Comics artist Stuart Immonen and his wife Kathryn bring you the first installment of Voldemort’s One Hour Service:

Movieline posted their first Oscar race analysis! It’s on!

Dan Meth made a great video compilation about the Twin Towers’ appearance in films.

Parks and Recreation Showrunner Michael Schur gives a master class on his favorite comedy, Cheers.

The Art of the Title looks at the retro propaganda Captain America credits.

Charlie Jane Anders at ion wrote a great piece on adapting source material, specifically focused on the success of Iron Man and the failure of Green Lantern. Here’s an excerpt:

The lesson of Green Lantern is, pandering to vocal fans of a property almost never pays off. And taking liberties often does. Look at J.J. Abrams’ Star Trek, which outraged a huge segment of old-school Trek fans and yet managed to tell a strong story that delighted audiences everywhere. Look at Russell T. Davies’ Doctor Who relaunch, which did away with the Time Lords and recast the Doctor as a scarred war veteran. And yeah, look at Iron Man.

The fans will go see the movie anyway — even if they complain bitterly afterwards. Pulling in the mass audience, though, requires taking some risks with the material and crafting something that is going to look character-focused and fun to a casual watcher. And this is doubly true with a property like Green Lantern, which has almost no popular recognition.

Read the whole article here.

Netflix pricing changes went into effect on September 1st. Read the details!

George Lucas continues his quest for the perfect Star Wars Trilogy, little does he know he already made it 30+ years ago. It was confirmed this week that the latest Blu-ray edition will feature loads of new additions including Jawas that blink (because that’s crucial), and even new dialogue. There’s no shortage of coverage for this news but here’s one article to get you started. I also rant about it here.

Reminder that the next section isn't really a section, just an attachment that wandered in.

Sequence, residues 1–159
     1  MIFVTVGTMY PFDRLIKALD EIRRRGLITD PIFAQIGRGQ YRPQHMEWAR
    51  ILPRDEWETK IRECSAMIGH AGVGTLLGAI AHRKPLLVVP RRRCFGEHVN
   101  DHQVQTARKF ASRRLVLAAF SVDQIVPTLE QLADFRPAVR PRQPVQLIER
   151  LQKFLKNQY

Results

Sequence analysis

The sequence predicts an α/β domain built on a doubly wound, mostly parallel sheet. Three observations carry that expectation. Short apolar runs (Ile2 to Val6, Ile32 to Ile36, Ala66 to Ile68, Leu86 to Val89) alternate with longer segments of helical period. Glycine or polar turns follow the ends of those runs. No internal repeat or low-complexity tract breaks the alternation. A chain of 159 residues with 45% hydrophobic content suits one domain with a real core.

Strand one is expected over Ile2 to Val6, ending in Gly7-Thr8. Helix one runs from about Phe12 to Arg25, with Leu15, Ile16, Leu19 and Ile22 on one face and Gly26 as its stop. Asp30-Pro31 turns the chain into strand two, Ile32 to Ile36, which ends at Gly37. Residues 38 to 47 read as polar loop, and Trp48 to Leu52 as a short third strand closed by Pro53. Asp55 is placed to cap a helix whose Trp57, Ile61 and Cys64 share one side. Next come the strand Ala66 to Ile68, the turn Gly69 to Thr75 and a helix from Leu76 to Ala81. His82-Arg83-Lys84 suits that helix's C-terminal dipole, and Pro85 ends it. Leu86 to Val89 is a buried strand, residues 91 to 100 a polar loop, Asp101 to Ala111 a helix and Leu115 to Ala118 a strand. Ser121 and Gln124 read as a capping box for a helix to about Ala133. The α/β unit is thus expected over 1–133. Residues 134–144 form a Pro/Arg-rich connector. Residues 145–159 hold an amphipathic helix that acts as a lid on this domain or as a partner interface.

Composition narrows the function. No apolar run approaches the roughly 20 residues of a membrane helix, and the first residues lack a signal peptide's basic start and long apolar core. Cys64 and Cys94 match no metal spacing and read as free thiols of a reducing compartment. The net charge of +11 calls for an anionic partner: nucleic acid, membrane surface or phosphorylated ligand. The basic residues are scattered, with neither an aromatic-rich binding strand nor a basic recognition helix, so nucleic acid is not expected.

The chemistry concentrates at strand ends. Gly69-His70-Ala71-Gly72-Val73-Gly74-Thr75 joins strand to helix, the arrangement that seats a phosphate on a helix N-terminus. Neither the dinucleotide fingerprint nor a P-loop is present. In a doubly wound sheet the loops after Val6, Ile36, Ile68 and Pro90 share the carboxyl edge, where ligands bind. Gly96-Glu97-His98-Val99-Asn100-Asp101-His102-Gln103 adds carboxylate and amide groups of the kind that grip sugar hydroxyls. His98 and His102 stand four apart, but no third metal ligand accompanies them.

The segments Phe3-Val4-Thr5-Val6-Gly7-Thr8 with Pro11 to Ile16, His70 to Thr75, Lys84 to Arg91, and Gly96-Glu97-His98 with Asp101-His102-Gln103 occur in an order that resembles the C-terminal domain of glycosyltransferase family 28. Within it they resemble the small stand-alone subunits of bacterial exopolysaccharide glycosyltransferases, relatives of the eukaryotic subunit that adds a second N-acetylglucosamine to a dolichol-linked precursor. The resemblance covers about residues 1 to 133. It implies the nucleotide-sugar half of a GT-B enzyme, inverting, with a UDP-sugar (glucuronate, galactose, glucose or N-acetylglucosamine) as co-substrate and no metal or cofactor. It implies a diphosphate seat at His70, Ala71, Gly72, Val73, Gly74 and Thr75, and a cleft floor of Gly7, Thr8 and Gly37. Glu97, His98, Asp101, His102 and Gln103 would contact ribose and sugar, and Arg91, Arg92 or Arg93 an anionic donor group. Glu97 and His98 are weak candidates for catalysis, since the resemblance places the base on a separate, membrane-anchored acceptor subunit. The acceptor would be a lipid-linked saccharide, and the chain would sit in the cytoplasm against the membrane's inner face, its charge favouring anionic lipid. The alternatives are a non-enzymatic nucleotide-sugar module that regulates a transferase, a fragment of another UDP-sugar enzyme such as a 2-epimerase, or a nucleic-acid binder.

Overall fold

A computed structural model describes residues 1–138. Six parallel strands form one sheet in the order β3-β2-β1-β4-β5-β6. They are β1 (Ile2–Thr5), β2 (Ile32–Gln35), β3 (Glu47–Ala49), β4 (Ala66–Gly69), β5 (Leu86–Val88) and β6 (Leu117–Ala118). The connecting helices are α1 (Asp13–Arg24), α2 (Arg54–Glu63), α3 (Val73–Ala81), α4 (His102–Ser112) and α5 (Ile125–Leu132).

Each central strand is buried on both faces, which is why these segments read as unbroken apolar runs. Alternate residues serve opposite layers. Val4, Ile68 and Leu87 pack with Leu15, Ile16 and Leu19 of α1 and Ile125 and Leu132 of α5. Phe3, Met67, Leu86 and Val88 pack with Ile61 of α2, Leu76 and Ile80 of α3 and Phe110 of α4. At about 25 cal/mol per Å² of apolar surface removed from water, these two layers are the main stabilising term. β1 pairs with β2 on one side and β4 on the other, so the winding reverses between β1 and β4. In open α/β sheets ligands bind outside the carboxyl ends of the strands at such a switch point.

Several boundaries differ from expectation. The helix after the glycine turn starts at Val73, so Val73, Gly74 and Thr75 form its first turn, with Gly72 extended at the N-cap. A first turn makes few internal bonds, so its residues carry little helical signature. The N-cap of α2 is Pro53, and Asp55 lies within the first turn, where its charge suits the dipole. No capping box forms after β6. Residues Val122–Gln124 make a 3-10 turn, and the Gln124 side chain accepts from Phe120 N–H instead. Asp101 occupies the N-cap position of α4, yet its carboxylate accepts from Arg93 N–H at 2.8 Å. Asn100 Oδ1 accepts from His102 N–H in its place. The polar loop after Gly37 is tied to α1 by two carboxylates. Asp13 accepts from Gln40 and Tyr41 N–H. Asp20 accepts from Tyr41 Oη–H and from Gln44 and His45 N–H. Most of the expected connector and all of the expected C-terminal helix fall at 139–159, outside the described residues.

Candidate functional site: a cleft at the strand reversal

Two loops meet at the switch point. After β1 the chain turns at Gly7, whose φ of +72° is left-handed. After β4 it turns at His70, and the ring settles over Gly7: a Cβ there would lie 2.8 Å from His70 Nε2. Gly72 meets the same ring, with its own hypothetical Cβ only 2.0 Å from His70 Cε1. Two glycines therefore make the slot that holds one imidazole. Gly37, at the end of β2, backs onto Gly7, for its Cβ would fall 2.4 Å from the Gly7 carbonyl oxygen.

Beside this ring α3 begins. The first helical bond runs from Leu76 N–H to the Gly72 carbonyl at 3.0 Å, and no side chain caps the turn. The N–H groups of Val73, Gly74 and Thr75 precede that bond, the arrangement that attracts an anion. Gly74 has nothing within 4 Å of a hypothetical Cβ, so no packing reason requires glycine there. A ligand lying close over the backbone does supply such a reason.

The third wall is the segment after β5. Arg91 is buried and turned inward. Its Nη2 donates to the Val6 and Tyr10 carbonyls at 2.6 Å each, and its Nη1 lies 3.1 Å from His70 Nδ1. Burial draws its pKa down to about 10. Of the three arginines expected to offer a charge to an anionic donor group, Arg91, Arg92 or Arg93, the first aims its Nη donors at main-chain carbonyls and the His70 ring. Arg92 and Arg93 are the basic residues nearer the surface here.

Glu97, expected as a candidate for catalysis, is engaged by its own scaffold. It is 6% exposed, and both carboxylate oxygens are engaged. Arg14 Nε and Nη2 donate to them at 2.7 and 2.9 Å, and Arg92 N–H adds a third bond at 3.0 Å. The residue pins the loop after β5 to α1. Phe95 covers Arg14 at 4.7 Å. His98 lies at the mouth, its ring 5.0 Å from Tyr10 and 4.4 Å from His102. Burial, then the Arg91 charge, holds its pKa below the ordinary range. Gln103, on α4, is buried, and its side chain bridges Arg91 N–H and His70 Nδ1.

The Coen brothers continue to make movie magic with the announcement of their latest project about the 1960s folk music scene in Greewich Village.

Lastly, Cinedelphia takes a look back at TLA Video in Philadelphia, a video rental store chain that will be closing its doors after almost thirty years in the area. Coverage includes personal memories from former and current employees, and the legacy that video rental stores leave behind.

Have a great weekend, and as always, we’ll be back on Monday!

Rehash: 08/26/2011

Each Friday we bring you the biggest film news and a smattering of the more interesting movie-related bits around the web! We call it Rehash! To get our thoughts on film news throughout the week, follow Jill on Twitter!

First we have a great infographic ad for the New York International Latino Film Festival:
Check out the whole series at Ads of the World (via Mental Floss).

If you haven’t seen it, Dan Tractenberg of The Totally Rad Show made an amazing short film, No Escape, based on the video game Portal. Whether or not you’re a fan of the game, it’s completely captivating:

Rope of Silicon brings us 10 lessons Hollywood can learn from summer 2011.

Dave Karger of Entertainment Weekly gives us an early look at the Oscar race.

Empire posted some awesome new images from David Fincher’s Girl With the Dragon Tattoo. Here’s one:

Matt Patches tells the rest of the Film School Rejects gang why he loves the first Mission: Impossible film as a great summer movie.

Patches also brings us a list of the biggest winners and losers of the summer. Marvel vs. DC! Men vs. Women! Harry Potter vs. Twilight!

And lastly, one of the most interesting articles I’ve seen on the departure of Steve Jobs, and poignant words from the man himself.

Have a great weekend everyone, we’ll be back on Monday!

Filmhash Epic Fall Movie Guide 2011

As it seems Fright Night is the swan song of summer, the autumn’s prestige and holiday pictures are right around the corner. In this post we’re going to cover the 36 fall releases we’re most interested in. Unlike summer where the focus is all on the big explosions, fall brings a wide variety of releases, and many of the films here find there way onto our end of year lists.

Seven Days in Utopia (trailer)
Disney seems to be cornering the market on inspirational sports films. Secretariat came out last fall, and this film looks like it could be the same crew. The movie is about a golfer who must spend…seven days in Utopia, Texas and learn some life lessons to regain his game. And who knows, it could be good. The last “good” golf movie was Tin Cup? We’re overdue. (Sept. 2) -R.S

Shark Night 3D (trailer)
I’ll admit, this film is only on here for two reasons. 1. I love how awesomely bad Deep Blue Sea is, and 2. I chickened out on Piranha 3D. And everyone knows sharks are way better than piranhas. And the trailer already has an epic quotable line: “We should be safe, this is a lake!” –“It’s a salt water lake.” (Sept. 2) –R.S

Contagion (trailer)
I’m mostly excited for this film because of it’s star power, namely Matt Damon and Kate Winslet. I also enjoy the work of Steven Soderbergh, so I’m curious to see how this fear-inducing, disease-ridden romp across international borders plays out. (Sept. 9)-J.M.